The father of the founder of the Franciscan Friars of the Atonement, whose cause for canonization has begun, was an Anglo-Catholic Tractarian, according to this article:
On that day Wattson’s father, Joseph Wattson, was kicked out of an Anglican seminary for joking that he was secretly a Jesuit.
The General Theological Seminary in New York City was cracking down on anything that smacked of “Popery,” including the reading of the extremely popular tracts of John Henry Newman, which called for a return to the more liturgical traditions of the past (sic).
When the elder Wattson suggested in jest that he was perhaps a “Jesuit in disguise,” he was expelled and, his career options now limited, consigned to life as a poor rural preacher.
According to Catholicism.org, Wattson’s father was fond of telling the story to his sons. Perhaps it instilled a desire for reconciliation within his son, because throughout his life, Father Wattson, born Lewis Thomas Wattson in 1863, never wavered from his desire to join reunite the Episcopal and Anglican Church to the Catholic Church of Rome.
The Catholicism.org article provides more detail about the crisis in the Anglican seminary brought about by the Tracts for the Times:
On the other hand, the fate of some of his colleagues at the “General” who did “go to Rome” was anything but prejudicial. Edgar P. Wadhams, for example, sometime after his ordination and priestly ministry, became the founding bishop of Ogdensburg, New York, and Clarence E. Walworth befriended Father Isaac Hecker and became one of the original fathers of the Paulists, an order founded by Father Hecker after he was expelled from the Redemptorists. James A. McMaster, another Oxford convert, entered the Redemptorists, but concluded that he did not have a vocation to the religious life. Instead he became an outstanding figure in Catholic journalism, founding the New York Freeman’s Journal, one of the important Catholic American newspapers of the time. One cannot help but wonder what would have happened had the elder Wattson “poped” at the time of his expulsion from the seminary.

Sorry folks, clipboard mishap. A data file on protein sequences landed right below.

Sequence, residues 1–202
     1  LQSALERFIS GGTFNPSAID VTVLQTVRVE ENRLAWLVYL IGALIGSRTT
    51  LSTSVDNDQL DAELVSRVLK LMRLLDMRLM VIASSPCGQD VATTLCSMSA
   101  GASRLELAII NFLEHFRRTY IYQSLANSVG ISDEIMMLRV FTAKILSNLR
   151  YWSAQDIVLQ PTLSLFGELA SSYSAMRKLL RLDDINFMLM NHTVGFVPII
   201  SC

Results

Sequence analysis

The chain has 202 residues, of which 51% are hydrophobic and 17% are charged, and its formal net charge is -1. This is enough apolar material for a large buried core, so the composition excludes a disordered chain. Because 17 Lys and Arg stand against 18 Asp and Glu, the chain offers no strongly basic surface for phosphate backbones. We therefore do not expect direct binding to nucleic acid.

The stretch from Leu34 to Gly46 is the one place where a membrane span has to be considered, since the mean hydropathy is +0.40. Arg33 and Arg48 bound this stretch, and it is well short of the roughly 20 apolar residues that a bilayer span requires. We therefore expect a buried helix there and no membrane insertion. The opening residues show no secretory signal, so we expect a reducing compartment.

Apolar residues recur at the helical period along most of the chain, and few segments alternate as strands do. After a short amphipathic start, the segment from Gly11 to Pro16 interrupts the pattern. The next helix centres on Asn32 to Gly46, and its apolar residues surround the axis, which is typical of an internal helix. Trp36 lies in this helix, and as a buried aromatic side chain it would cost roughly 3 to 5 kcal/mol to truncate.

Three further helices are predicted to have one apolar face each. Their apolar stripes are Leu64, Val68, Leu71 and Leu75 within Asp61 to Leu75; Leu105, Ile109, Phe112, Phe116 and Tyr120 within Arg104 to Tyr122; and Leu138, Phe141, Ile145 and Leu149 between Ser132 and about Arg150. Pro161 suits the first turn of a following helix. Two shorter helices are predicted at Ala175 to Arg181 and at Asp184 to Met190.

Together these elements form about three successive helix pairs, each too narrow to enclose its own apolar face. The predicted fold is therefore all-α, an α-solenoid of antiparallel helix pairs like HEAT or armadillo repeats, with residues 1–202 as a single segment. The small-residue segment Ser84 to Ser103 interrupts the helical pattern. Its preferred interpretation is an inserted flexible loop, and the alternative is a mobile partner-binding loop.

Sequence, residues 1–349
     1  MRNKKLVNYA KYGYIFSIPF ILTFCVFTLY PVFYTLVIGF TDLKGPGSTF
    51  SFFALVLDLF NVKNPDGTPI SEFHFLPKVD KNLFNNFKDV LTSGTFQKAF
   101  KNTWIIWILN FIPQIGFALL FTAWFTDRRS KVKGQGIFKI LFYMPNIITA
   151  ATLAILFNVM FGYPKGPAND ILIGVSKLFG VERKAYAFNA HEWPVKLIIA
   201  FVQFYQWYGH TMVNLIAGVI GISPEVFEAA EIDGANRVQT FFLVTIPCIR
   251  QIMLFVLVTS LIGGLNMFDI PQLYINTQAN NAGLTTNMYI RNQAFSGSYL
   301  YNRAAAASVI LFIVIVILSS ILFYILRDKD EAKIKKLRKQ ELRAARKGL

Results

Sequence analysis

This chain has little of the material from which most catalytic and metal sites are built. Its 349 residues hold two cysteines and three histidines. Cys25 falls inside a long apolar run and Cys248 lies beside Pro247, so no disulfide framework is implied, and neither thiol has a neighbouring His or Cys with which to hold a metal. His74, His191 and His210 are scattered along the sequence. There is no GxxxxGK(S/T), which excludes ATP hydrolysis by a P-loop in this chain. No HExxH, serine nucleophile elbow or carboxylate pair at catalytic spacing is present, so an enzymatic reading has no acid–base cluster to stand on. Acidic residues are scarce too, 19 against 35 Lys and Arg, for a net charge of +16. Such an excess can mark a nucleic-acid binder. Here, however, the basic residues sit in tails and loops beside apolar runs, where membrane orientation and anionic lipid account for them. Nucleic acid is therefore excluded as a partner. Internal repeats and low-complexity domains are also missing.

While the father did not "pope", the son did, eventually, as clergyman Paul Wattson sought to create more "Catholic" structures in the Episcopalian Church, and began to argue for corporate reunion of the Church of England with the Catholic Church. It's quite a story!